With the advent of tools like Siri and Google Assistant, there was immediate excitement. We could get our fridge doors to open for us – we could even boil the kettle, whilst being provided with exciting information about our favorite sports stars, politicians, historical figures and anything else we like. Basically, these tools gave us a chance to do a lot of the things we’ve watched people do with envy in movies.
However, while the future of this kind of hardware is obviously very exciting, there are some very legitimate concerns about how safe it is.
Take the story of Alexander Reben. Reben is well-known for being able to find the worst in something, even if it appears innocuous at first. The roboticist is known for his ability to create horrifying results from safe items. For example, he made a mechanical arm that can stab out at people – giving us the idea of what it’s like to be surrounded by a machine with the capacity for violence.
Indeed, he’s decided to take things an extra step further and show us just how dangerous Google Assistant could be in the wrong hands. To do that, we used his Google Home speaker to fire off a handgun. In this case, it was a pellet gun – but it’s a simple yet terrifying example of what could happen.
By working with a gun and a virtual assistant, Reben managed to combine two of the most feared pieces of modern technology: AI assistance and a firearm. By bringing both together, Reben asked the following: “How much should a company be able to foresee how their technology will be used and how much can they ultimately control?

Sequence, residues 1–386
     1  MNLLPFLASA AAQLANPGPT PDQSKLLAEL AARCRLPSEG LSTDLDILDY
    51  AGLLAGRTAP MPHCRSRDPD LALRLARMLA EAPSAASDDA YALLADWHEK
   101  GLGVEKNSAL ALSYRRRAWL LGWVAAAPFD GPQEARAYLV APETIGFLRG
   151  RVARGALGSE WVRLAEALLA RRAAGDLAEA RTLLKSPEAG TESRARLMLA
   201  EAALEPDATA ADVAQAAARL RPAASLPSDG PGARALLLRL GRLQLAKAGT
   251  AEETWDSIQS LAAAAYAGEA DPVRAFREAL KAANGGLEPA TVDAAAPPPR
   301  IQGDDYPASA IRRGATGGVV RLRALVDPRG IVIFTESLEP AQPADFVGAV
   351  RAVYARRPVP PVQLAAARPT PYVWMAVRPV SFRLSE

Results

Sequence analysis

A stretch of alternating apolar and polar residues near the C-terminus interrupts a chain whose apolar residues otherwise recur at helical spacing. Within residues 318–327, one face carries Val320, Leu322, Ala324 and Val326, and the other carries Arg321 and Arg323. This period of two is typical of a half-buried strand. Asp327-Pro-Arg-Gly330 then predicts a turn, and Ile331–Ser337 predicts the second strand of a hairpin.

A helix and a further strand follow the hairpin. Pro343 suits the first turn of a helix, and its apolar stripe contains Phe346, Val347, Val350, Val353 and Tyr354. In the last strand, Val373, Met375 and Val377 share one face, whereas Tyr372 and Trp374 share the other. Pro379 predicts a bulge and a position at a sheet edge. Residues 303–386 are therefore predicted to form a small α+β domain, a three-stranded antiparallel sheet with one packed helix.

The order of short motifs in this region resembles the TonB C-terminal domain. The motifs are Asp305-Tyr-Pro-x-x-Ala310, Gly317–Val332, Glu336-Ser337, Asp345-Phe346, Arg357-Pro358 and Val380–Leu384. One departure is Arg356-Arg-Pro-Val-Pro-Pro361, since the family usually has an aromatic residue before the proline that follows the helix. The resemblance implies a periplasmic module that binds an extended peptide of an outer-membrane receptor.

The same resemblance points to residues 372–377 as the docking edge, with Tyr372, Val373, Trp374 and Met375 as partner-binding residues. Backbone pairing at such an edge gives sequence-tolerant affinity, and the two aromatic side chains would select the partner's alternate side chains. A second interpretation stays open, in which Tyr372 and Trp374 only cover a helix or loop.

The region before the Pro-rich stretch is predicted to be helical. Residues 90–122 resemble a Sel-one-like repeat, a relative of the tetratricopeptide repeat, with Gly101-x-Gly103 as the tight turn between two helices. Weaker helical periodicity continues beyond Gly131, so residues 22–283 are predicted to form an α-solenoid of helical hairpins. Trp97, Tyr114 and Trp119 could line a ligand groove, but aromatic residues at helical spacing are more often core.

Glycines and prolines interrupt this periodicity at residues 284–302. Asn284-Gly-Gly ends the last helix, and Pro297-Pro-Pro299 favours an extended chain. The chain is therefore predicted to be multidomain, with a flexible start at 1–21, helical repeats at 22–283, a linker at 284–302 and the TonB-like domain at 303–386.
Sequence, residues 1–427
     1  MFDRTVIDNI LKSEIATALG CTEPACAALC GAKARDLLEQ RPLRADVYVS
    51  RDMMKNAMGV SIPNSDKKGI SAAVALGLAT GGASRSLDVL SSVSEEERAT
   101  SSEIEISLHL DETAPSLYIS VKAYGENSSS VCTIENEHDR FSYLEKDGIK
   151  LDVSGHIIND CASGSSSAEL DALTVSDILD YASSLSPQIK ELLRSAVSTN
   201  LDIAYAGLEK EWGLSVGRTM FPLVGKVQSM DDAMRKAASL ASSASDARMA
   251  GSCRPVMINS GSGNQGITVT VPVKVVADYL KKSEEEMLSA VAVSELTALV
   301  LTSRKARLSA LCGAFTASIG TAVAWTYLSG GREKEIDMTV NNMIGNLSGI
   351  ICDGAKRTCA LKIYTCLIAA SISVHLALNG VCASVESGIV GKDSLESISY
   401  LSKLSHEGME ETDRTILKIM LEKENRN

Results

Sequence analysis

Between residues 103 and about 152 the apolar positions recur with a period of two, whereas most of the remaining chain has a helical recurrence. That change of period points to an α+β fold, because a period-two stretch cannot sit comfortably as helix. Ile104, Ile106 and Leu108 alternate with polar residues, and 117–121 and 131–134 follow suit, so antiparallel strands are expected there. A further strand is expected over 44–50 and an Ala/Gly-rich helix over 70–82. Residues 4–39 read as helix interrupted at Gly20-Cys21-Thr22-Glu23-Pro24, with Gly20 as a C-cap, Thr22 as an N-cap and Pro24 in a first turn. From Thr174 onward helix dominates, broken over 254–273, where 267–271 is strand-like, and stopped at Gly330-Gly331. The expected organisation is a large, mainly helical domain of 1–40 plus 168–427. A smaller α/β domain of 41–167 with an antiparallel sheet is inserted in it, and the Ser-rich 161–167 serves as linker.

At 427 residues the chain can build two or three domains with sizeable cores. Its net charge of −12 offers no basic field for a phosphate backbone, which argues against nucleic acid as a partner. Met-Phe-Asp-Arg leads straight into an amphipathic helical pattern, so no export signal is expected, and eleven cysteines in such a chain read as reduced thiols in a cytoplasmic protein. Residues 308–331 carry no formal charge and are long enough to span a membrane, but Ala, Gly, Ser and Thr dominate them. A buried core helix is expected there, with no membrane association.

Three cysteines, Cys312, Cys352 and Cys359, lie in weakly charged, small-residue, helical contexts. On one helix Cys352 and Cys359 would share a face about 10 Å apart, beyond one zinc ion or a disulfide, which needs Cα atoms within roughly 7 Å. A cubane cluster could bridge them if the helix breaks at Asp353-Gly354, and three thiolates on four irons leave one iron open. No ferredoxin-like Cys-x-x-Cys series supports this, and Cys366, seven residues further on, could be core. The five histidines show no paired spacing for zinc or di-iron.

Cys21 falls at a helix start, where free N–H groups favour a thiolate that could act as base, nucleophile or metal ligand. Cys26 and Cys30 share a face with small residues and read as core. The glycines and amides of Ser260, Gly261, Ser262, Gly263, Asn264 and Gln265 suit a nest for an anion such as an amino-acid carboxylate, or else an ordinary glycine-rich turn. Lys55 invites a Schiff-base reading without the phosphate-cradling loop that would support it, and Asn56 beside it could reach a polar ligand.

“Even more interestingly, what happens when machines start making the decisions?”
Of course, Google does not want to have its toys and tools associated with making home-made killing machines. As such, they were quick to release a statement which read: “This appears to be a homebrew project that’s controlled by a smart outlet, not something that’s programmed into the Assistant or uses any type of AI,
“This isn’t condoned by Google and could not launch as an Action for the Assistant because it’s against our Terms of Service, which prohibits Actions that promote gratuitous violence or dangerous activities.”
By simply using the words “Okay, Google, activate gun.” The sequence was able to set off without too much issue. While Reben was quick to point out that this could happen with, for example, an Amazon Echo device, his point wasn’t to wage war with Google, but to show how easy it is for unintended actions to be put in place with the right amount of thought.
“Part of this project was a response to some of the news about deep learning an artificial intelligence being used for military applications,
“This is a provocation, sure, but the simplicity of it is a good way to jump start a conversation.” He said.
“I don’t have the answers, but I think we need to have a conversation,”
Whoever does the answers, it might be a good idea if we can try and find a solution to putting them in place. This is just one example of the horrifying by-product of these kinds of tools: in the wrong hands, they become immensely dangerous.
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